Hazel Mine Tipple - Foundation
02/19/2018
From the prototype engineering drawing, I gathered that the foundation blocks were about 3 feet square. Although the diagram appears to have the blocks stick out some distance above the track, from my own model experience I found that that would not leave enough clearance for things like the trucks and side steps of cars and engines. So, I have decided to make my blocks, vertically, to be just under the tops of the rails (from actual model measurements that means 14 scale inches). That is a small compromise that I will have to adjust for when I build the vertical beams of the structure (making them a bit taller).

To build a total of 44 blocks, I decided that I want to make them out of styrene. In previous attempts I had used Plaster of Paris and had cast them. This worked well, but that was when I had made them much taller. At a scale 14", they would be too thin, and thus too fragile, I think. To make the styrene blocks, I decided to build them all together in one collection. The design diagram I drew, shown below, shows the top view of this styrene collection. The base is a 33'x40' sheet of styrene. To that I will apply four rows of styrene across the length. These represent the blocks. Those rows are 3 feet wide, and are 7 feet apart. That way the rows are spaced apart at the correct distances for the vertical columns of the tipple building, as viewed from the side of the building. When the styrene foundation is done, I will cut it with my tablesaw, starting at the dashed line. Each of those cuts will yield a 3-foot strip. My table saw blade has a 7/64" kerf (or an S-scale 7"), so I accounted for that in the design. This will yield 11 such strips (plus some extra waste). There are eleven vertical columns to the building, as viewed from across the five tracks.
Hazel Mine Tipple
Looking at the styrene section from the side shows this profile. Each vertical "blob" will be a total of 14" tall from the bottom of the styrene, and will represent the concrete block upon which the vertical column of the tipple sits. The bottom section of styrene that connects them all together will be hidden in the ballast, but it will guarantee that all the foundation blocks are the same distance apart from each other. This would otherwise be a real challenge: to make sure that all 44 blocks are perfectly in alignment with each other (in both directions of the horizontal plane).
Hazel Mine Tipple
As per the design diagram, I cut a piece of styrene, and started gluing 3-foot strips to that. These were all cut from sheet styrene of several thicknesses. The weights are there to make sure the strip doesn't move as I apply the Testors glue.
Hazel Mine Tipple
Here is the final construction of the styrene "collection". I used whatever styrene I had on hand, until I reached a combined total height of 14 scale inches.
Hazel Mine Tipple
After setting up a temporary system on my tablesaw, I carefully cut each of the 3-foot strips across the rows. Some pieces came off during the cutting (not enough glue had wicked in all the strips). Also, the speed of the blade caused some material that was being cut to melt and coagulate. It left the strips looking rough, but it actually went pretty smoothly. The one in the top-left corner of the photo shows the extra that I had added to my calculations.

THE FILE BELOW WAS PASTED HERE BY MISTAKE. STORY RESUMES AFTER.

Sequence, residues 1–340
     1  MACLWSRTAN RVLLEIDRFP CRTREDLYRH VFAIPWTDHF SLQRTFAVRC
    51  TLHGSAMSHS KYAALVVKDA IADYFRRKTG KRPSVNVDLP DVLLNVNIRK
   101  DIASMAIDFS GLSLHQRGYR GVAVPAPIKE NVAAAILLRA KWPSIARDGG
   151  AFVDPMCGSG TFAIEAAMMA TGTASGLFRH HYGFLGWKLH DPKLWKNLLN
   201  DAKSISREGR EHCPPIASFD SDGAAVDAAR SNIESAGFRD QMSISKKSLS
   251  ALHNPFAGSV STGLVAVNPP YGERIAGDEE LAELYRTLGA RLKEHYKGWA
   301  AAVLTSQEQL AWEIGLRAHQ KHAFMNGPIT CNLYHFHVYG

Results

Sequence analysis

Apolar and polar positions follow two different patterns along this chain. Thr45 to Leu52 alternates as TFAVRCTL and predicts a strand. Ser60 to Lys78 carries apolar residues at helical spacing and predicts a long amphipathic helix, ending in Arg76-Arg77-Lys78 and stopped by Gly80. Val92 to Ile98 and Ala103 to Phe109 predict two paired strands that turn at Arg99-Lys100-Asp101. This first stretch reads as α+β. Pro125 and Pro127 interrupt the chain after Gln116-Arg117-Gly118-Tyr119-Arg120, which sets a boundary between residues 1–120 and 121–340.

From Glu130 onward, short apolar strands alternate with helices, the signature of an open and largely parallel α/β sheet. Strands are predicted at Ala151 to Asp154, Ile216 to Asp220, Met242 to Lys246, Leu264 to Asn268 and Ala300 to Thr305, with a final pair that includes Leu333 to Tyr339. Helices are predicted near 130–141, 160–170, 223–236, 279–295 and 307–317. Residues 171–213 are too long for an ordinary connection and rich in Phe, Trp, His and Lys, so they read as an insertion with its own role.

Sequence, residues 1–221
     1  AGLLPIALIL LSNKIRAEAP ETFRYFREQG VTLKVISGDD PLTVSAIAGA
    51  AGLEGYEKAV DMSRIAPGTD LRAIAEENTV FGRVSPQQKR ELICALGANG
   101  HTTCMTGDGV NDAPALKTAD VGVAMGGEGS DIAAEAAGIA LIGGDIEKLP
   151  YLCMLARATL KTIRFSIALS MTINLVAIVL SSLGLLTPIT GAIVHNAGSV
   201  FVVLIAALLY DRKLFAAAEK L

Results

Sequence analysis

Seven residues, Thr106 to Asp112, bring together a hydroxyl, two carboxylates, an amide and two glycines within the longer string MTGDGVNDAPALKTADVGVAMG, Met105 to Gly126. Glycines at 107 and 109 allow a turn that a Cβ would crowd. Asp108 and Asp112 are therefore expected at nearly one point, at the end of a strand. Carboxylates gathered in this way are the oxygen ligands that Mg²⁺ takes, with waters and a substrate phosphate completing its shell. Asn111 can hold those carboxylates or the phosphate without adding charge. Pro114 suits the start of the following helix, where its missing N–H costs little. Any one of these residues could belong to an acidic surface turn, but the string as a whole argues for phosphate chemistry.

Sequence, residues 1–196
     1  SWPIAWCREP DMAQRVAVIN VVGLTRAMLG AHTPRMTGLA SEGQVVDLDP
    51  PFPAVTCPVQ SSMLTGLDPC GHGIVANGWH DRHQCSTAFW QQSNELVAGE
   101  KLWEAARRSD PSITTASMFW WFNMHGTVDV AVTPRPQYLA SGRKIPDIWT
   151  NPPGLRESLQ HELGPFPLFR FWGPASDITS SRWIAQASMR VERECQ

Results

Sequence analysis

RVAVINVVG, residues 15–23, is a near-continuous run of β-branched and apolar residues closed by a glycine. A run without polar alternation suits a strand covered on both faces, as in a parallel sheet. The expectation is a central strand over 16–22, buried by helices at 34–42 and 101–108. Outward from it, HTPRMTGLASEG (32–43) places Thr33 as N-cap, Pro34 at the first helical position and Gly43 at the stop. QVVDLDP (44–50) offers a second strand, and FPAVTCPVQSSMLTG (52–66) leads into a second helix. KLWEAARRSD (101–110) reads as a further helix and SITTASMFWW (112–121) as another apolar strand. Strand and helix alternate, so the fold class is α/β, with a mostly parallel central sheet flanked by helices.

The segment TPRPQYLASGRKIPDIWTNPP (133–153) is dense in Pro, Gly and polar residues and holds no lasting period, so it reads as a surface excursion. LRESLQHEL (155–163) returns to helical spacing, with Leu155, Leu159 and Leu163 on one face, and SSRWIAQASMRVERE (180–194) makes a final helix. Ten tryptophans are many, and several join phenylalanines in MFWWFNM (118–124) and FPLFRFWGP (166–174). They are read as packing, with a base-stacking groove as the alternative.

Hazel Mine Tipple
I then had to clean each strip. I also filed the edges down so that the layered hierarchy of the individual strips of styrene wouldn't be so visible. Finally, I rounded off the top and vertical edges of each block, so that they didn't look so artificial. I decided to use Aleene's Tacky Glue to glue these strips to the top surface of my layout (painted ceiling tiles). After moving the strip around until the glue really gripped, I made sure that it lined up with the pencil lines I had drawn on the layout surface before I had installed the ties, and that the strip was centered between the two rows of ties. Some weights were then placed on the strip to hold it all down while the glue cured.
Hazel Mine Tipple
In the time between when I started to prepare for laying the ties and now, I had received some more prototype information, so the tipple is actually longer than I had originally thought. So, as you can see from the photo, some of the strips had to be placed on the green section of the layout. I also had misplaced one of the strips, so I had to remove it and move it to its correct location. The Aleene's glue held really well and it ripped that section of ceiling tile apart as I removed the strip. I painted over it, and ballast later on will hide it all. I did some fine-tuning of the blocks by sanding a few that were too tall, and adding any missing strips that had come loose during the tablesaw cutting session.
Hazel Mine Tipple
With all the strips in place, I then went back and painted all of the white areas with a brown color, just to make sure that, should there be any gaps in the ballast, no white would show through the ballast later on.
Hazel Mine Tipple
The last step in building the foundation blocks was to paint them with Polly-Scale "Aged Concrete".
Hazel Mine Tipple